(a) Part Load Conditions: If the anticipated part load conditions justify the
use of uneven sizes. The designer shall prepare the necessary cooling load
profile demonstrating the need for doing so.

(b) Operating Costs: Do a life cycle cost analysis of the following chillers.
Based on the favorable results for energy consumption and/or electrical
demand charges, a selection of the chiller plant shall be made.
(1) All electric chillers
(2) All absorption chillers
(3) Combination of electric and absorption chillers

2.12.2.2 CHILLER CAPACITY: The maximum capacity of a single chiller unit


shall not exceed 3520 kW (1,000 tons) for a central chiller plant. The
cooling loads for the surgery suites (Paragraph 2.12.7) and the animal
research areas (Paragraph 2.12.8) shall not be included in the central plant
capacity computations. These both areas shall have their own dedicated
chillers.

2.12.2.3 CHILLER PERFORMANCE: The electric, water-cooled, centrifugal and


rotary-screw chillers shall be scheduled on drawings in accordance with the
ARI Standard 550/590-98 for the lowest full load KW/ton which can be met by
at least three manufacturers. Executive Order 13123 and FAR Section 23.704
requires that products be purchased in the upper 25 percent of energy
efficiency. Accordingly, DOE recommends following chiller efficiencies, which
are based on standard reference conditions, specified in ARI Standard
550/590-98. The designer however, shall document the values selected with
calculations, manufacturer's selection data, and any other relevant
information for actual (non-standard) design conditions for a specific
project and the efficiencies could vary from values shown below.

Table 2-19 Chiller Efficiencies for Standard ARI Conditions

Chiller Type Full Load-kW/Ton IPLV-kW/Ton


Centrifugal 0.59 or Less 0.52 or Less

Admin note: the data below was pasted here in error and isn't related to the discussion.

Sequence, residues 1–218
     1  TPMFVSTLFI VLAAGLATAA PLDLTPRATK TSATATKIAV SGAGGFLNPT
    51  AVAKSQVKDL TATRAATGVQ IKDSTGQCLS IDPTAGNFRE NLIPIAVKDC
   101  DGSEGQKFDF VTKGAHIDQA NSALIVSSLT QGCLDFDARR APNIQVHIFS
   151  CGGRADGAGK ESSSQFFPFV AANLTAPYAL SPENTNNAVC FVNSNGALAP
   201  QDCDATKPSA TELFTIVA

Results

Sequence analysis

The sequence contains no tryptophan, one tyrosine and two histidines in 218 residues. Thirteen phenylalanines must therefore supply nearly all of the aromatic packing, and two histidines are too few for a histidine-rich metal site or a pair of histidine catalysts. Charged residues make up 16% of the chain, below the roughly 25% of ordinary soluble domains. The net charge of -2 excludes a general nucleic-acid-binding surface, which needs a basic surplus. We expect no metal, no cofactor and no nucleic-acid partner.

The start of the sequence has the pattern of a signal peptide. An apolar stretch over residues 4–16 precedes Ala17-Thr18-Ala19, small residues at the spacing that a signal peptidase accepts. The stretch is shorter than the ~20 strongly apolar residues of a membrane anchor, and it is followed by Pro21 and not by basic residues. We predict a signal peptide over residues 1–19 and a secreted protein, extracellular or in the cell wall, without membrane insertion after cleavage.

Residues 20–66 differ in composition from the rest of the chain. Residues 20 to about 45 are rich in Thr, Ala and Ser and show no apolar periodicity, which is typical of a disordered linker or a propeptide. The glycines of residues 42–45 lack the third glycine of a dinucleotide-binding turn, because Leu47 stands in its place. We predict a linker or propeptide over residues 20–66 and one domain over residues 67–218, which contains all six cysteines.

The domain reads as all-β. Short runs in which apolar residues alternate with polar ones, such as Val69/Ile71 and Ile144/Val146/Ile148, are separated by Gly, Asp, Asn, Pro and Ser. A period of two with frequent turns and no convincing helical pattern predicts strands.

150-299 Tons
Centrifugal 0.56 or Less 0.44 or Less
300-2000 Tons
Rotary-Screw 0.64 or Less 0.49 or Less
150 Tons or Greater

2.12.2.4 STANDBY EQUIPMENT

(a) Chillers: Standby refrigeration equipment or arbitrary safety margin as a


spare capacity is not required. See Article 1.3.15 for air handling capacity.
Chiller(s)shall be sized based on this capacity.

(b) Pumps: When two chillers are used to handle the total cooling load, one
condenser water and one chilled water pump shall be provided to act as
standby. When three or more chillers are used, no standby pumps will be
required.

HVAC DESIGN MANUAL 2-39 HVAC SYSTEMS AND EQUIPMENT


2.12.2.5 ADDITIONAL DESIGN CONSIDERATIONS

(a) New Construction: A designated reserve space shall be provided, and shown
on the drawings, for a future chiller equal in size to the largest machine
being furnished. The space planning shall also include space for circulating
pumps, cooling tower, electrical starter, etc. associated with future
chiller. The chilled and condenser water mains and the chilled water
distribution loop shall be sized, valved, and arranged to accommodate the
future chiller.

(b) Chiller/Accessories Arrangement:

(1) The piping arrangement shall be such that each chiller shall have a
dedicated condenser water pump, cooling tower fan and a primary chilled water
pump. When the chiller is not in operation, its dedicated condenser and
chilled water pumps and the cooling tower fan shall also be inoperative.

(2) Chilled water and condenser water circuits shall be piped for complete
functional flexibility. Provide cross connections for the chilled water pumps
and condenser water pumps, suctions and discharges, and condenser inlets and
outlets, and cooling tower cells to increase flexibility. Provide automatic
on/off valves, where necessary, to avoid pumping through an inoperative
chiller and cooling tower. Investigate the need to provide primary/secondary
piping-pumping arrangement as described below.

(3) Primary/Secondary Arrangement: The chilled water flow through the


evaporators shall be kept constant. The chilled water flow through the
cooling coils, however, shall be variable with automatic, two-way, modulating